Proof of Transmission

Like many viruses, coronaviruses can take several forms: whole, viable viruses, called virions, or incomplete virus particles.  The virions can enter cells and get them to replicate more viruses while destroying the cells, but the virus particles cannot.  Scientists did most of the following research studies using different methods of polymerase chain reaction (PCR) tests to search for the virus’s genome, made of ribonucleic acid (RNA):

  • real-time polymerase chain reactions (RT-PCR)
  • reverse transcriptase polymerase chain reaction (also called RT-PCR)
  • quantitative PCR (called qPCR).

The advantage of using this high tech equipment is that it can rapidly find and identify tiny amounts of viral RNA.  But it identifies the RNA inside infectious whole virions, antibody-neutralized non-infective viruses, or non-infective particles with genetic material.  These tests cannot distinguish between the infectious and non-infectious virus parts (Joynt; Sethuraman et al.).  The PCR cycle threshold value (Ct) indirectly indicates the viral load: high Ct value shows low viral RNA quantity, and vice versa (National Centre for Infectious Diseases).   So the most of the following studies indicate that SARS-CoV-2 viruses are probably transmitted by saliva, mucous, blood, feces, urine, air, and surfaces, but do not prove it.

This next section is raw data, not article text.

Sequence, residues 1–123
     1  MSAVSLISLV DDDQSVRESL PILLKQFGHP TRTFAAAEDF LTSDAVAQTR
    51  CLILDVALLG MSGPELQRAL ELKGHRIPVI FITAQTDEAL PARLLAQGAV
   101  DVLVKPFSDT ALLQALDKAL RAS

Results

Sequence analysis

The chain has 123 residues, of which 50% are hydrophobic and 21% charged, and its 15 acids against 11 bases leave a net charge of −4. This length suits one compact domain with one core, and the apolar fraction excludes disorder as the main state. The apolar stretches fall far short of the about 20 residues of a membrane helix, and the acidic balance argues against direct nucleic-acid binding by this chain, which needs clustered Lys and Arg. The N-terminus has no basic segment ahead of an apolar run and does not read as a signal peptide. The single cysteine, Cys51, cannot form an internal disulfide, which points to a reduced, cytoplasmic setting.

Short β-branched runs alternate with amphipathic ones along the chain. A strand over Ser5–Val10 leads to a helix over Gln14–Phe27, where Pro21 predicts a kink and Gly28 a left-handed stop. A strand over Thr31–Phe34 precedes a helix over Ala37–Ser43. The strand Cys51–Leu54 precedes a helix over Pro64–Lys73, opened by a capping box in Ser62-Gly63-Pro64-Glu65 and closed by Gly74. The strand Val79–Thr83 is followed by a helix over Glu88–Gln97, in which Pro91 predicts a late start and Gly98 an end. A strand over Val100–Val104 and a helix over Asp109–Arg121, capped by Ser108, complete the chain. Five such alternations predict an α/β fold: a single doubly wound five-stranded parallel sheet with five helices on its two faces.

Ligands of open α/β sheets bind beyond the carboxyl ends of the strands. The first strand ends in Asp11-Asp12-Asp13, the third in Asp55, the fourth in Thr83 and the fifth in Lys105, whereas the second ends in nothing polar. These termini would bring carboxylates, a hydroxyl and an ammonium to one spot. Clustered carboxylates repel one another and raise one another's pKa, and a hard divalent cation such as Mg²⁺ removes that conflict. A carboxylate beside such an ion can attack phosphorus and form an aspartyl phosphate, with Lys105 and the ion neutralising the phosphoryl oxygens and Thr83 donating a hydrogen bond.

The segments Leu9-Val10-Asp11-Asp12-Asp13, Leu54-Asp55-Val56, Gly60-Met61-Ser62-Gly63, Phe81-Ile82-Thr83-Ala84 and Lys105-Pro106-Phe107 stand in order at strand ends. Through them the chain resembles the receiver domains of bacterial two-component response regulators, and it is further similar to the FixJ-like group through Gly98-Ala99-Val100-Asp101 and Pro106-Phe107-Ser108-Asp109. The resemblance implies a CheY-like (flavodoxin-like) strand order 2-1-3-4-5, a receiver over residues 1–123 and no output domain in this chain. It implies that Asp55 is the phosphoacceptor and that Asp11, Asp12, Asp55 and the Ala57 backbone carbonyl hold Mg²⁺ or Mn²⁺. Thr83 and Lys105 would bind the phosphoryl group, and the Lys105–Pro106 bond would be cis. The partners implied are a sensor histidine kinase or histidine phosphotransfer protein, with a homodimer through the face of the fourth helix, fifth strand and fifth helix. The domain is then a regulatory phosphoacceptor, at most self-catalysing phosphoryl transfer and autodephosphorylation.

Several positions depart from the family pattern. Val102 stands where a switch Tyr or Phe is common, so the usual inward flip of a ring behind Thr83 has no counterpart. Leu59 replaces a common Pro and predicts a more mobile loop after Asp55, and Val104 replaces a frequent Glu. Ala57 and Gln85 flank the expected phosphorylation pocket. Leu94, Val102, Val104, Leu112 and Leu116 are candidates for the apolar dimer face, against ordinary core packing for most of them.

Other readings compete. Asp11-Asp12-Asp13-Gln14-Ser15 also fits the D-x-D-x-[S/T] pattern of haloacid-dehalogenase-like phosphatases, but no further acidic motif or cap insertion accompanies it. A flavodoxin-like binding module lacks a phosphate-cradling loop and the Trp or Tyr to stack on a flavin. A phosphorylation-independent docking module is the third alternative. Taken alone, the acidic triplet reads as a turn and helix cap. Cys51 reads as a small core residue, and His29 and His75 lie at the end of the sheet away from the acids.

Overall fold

Some scientists started using more definitive tests of culturing whole virions in cells, which is more difficult and time-consuming (Arons et al; Kujawski et al.; van Doremalen et al.; Wölfel et al.). Later, scientists will probably do more thorough studies to find if transmissible whole virions are in each body fluid or location (Brosseau).

Others tested for antibodies to SARS-CoV-2 using Enzyme-Linked Immuniosorbent Assaies (ELISA).  The advantage of these is finding infection histories both during and after active infection.  Their disadvantages are inabilities to detect during presymptomatic and early symptomatic periods, and variability after symptoms (Sethuraman et al.)  Some discussed using positive antibody test results as certification for allowing previously-infected people to resume more normal activities.  The advantages of this are benefitting those individuals and accelerating the economy.  Disadvantages are: inaccuracies and variability of tests; and creation of incentives to develop over-sensitive tests with false positives. Some people might to get infected, which might cause them to get seriously ill or spread infection to others (Hall et al.; Persad et al.; World Health Organization “Immunity…”).